Intensive treat-to-target statin therapy in high-risk Japanese patients with hypercholesterolemia and diabetic retinopathy: Report of a randomized study

Hiroshi Itoh, Issei Komuro, Masahiro Takeuchi, Takashi Akasaka, Hiroyuki Daida, Yoshiki Egashira, Hideo Fujita, Jitsuo Higaki, Ken Ichi Hirata, Shun Ishibashi, Takaaki Isshiki, Sadayoshi Ito, Atsunori Kashiwagi, Satoshi Kato, Kazuo Kitagawa, Masafumi Kitakaze, Takanari Kitazono, Masahiko Kurabayashi, Katsumi Miyauchi, Tomoaki MurakamiToyoaki Murohara, Koichi Node, Susumu Ogawa, Yoshihiko Saito, Yoshihiko Seino, Takashi Shigeeda, Shunya Shindo, Masahiro Sugawara, Seigo Sugiyama, Yasuo Terauchi, Hiroyuki Tsutsui, Kenji Ueshima, Kazunori Utsunomiya, Masakazu Yamagishi, Tsutomu Yamazaki, Shoei Yo, Koutaro Yokote, Kiyoshi Yoshida, Michihiro Yoshimura, Nagahisa Yoshimura, Kazuwa Nakao, Ryozo Nagai

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Abstract

OBJECTIVE Diabetes is associated with high risk of cardiovascular (CV) events, particularly in patients with dyslipidemia and diabetic complications. We investigated the incidence of CV events with intensive or standard lipid-lowering therapy in patients with hypercholesterolemia, diabetic retinopathy, and no history of coronary artery disease (treat-to-target approach). RESEARCH DESIGN AND METHODS In this multicenter, prospective, randomized, open-label, blinded end point study, eligible patients were randomly assigned (1:1) to intensive statin therapy targeting LDL cholesterol (LDL-C) <70 mg/dL (n = 2,518) or standard statin therapy targeting LDL-C 100-120 mg/dL (n = 2,524). RESULTS Mean follow-up was 37± 13months. LDL-C at 36 months was 76.5± 21.6mg/dL in the intensive group and 104.1 ± 22.1 mg/dL in the standard group (P < 0.001). The primary end point events occurred in 129 intensive group patients and 153 standard group patients (hazard ratio [HR] 0.84 [95% CI 0.67-1.07]; P = 0.15). The relationship between the LDL-C difference in the two groups and the event reduction rate was consistent with primary prevention studies in patients with diabetes. Exploratory findings showed significantly fewer cerebral events in the intensive group (HR 0.52 [95% CI 0.31-0.88]; P = 0.01). Safety did not differ significantly between the two groups. CONCLUSIONS We found no significant decrease in CV events or CV-associated deaths with intensive therapy, possibly because our between-group difference of LDL-C was lower than expected (27.7 mg/dL at 36 months of treatment). The potential benefit of achieving LDL-C <70 mg/dL in a treat-to-target strategy in high-risk patients deserves further investigation.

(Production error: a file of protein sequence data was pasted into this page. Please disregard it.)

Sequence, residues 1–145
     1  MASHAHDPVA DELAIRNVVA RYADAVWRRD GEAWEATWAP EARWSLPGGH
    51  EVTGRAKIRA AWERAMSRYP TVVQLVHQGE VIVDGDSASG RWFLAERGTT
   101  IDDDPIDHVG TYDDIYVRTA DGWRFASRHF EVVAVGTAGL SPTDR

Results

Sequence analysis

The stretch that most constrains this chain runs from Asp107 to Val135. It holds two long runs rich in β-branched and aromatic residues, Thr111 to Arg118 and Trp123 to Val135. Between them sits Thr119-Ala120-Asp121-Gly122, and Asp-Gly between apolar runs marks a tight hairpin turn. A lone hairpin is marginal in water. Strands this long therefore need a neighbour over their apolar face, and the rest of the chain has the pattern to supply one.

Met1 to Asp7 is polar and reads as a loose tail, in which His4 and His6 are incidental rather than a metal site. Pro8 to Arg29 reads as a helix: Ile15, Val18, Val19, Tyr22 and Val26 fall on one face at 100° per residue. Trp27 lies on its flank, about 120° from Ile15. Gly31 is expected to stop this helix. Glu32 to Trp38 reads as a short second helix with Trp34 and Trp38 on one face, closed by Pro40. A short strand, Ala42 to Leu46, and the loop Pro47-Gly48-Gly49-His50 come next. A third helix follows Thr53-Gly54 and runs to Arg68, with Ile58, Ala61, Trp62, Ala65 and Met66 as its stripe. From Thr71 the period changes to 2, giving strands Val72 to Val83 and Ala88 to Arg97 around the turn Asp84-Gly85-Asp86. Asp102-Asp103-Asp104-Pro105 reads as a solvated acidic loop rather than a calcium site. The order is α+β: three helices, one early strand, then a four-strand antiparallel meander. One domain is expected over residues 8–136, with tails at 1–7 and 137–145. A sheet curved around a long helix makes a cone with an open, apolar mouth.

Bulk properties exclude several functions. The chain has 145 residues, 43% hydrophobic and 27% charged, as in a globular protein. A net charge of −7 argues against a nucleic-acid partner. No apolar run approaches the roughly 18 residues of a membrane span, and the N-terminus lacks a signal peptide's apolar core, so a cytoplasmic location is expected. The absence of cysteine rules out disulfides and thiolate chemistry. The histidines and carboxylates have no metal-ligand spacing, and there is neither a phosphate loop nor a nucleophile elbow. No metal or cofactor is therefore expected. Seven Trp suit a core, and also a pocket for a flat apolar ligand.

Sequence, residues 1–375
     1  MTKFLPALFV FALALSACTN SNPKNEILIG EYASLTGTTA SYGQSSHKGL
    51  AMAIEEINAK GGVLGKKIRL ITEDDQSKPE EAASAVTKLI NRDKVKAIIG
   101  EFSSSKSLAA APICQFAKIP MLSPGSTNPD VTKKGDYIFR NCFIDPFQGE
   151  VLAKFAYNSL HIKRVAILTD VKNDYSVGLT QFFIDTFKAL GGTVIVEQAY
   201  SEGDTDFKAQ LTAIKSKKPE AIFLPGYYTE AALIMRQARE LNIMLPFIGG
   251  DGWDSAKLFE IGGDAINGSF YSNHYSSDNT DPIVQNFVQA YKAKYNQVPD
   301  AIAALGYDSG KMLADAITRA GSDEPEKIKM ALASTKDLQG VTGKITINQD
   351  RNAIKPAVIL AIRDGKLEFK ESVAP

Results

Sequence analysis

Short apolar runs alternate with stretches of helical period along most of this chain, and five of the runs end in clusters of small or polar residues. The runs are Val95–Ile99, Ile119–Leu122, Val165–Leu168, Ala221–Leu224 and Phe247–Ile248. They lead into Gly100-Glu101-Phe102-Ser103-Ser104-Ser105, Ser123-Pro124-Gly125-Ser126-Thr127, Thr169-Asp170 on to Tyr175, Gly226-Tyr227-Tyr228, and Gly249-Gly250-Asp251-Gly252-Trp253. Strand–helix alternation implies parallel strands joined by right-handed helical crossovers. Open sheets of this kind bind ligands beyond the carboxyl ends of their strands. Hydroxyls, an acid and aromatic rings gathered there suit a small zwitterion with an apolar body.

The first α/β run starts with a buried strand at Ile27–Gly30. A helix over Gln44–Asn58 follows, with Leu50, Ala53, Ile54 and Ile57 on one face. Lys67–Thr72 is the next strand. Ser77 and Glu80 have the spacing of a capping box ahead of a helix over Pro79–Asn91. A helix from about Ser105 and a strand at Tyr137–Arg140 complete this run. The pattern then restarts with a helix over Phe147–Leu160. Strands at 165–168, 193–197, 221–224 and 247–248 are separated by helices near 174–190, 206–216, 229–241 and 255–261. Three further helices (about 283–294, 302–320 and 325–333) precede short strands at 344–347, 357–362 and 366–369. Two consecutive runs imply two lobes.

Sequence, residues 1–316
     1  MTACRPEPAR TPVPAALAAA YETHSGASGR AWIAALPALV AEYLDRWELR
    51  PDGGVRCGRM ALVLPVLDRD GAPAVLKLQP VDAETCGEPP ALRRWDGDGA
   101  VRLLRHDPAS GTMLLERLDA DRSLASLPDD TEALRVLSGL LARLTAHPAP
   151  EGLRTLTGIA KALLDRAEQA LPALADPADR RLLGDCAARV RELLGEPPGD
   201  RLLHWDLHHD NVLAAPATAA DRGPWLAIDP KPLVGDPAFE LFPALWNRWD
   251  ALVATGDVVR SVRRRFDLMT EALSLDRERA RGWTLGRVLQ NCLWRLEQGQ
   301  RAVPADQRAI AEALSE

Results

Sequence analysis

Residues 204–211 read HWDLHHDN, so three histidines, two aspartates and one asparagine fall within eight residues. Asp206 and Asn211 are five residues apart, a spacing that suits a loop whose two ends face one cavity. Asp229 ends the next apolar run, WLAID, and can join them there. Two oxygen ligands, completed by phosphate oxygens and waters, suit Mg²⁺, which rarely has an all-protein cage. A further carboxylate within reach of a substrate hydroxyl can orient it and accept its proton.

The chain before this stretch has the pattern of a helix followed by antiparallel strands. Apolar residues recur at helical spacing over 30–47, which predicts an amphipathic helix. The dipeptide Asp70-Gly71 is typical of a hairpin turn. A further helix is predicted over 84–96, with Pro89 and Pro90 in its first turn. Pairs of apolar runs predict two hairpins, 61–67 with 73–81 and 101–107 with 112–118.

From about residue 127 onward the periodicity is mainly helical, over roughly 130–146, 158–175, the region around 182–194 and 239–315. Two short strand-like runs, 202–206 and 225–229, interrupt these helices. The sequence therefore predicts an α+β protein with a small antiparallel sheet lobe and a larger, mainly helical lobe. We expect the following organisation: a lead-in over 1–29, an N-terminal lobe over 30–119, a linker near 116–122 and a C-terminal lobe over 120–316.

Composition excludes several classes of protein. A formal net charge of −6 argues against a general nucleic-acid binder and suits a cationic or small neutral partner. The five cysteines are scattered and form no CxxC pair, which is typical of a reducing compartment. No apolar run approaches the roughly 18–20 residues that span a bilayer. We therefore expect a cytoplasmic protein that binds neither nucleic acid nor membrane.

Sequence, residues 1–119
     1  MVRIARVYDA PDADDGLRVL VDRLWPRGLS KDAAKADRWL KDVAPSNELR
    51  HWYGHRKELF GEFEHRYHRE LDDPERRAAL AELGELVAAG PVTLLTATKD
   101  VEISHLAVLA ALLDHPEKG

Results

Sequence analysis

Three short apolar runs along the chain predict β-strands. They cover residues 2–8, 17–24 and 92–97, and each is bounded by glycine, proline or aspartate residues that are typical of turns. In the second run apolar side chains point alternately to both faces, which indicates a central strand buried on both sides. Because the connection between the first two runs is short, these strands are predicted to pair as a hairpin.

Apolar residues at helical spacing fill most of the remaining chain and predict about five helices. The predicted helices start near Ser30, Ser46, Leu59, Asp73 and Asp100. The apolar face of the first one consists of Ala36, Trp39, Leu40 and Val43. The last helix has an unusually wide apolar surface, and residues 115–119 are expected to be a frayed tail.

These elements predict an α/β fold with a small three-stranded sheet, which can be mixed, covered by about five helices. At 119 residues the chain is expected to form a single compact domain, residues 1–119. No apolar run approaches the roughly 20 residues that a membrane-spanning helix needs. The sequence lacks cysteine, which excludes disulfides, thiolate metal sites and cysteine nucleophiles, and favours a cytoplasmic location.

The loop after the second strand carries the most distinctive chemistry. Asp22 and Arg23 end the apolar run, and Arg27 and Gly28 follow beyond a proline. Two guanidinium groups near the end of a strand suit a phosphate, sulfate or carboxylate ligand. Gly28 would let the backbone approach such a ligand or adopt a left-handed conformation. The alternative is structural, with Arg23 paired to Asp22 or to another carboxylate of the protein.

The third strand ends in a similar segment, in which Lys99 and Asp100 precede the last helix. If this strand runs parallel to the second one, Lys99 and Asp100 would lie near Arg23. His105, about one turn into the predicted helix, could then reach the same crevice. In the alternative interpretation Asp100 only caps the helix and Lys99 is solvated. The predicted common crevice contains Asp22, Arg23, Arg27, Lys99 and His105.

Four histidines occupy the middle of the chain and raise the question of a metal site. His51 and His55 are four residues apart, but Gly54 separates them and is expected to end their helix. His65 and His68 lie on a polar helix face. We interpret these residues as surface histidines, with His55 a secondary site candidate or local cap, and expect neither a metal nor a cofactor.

Original languageEnglish
Pages (from-to)1275-1284
Number of pages10
JournalDiabetes Care
Volume41
Issue number6
DOIs
Publication statusPublished - 2018 Jun 1

ASJC Scopus subject areas

  • Internal Medicine
  • Endocrinology, Diabetes and Metabolism
  • Advanced and Specialised Nursing

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    Itoh, H., Komuro, I., Takeuchi, M., Akasaka, T., Daida, H., Egashira, Y., Fujita, H., Higaki, J., Hirata, K. I., Ishibashi, S., Isshiki, T., Ito, S., Kashiwagi, A., Kato, S., Kitagawa, K., Kitakaze, M., Kitazono, T., Kurabayashi, M., Miyauchi, K., ... Nagai, R. (2018). Intensive treat-to-target statin therapy in high-risk Japanese patients with hypercholesterolemia and diabetic retinopathy: Report of a randomized study. Diabetes Care, 41(6), 1275-1284. https://doi.org/10.2337/dc17-2224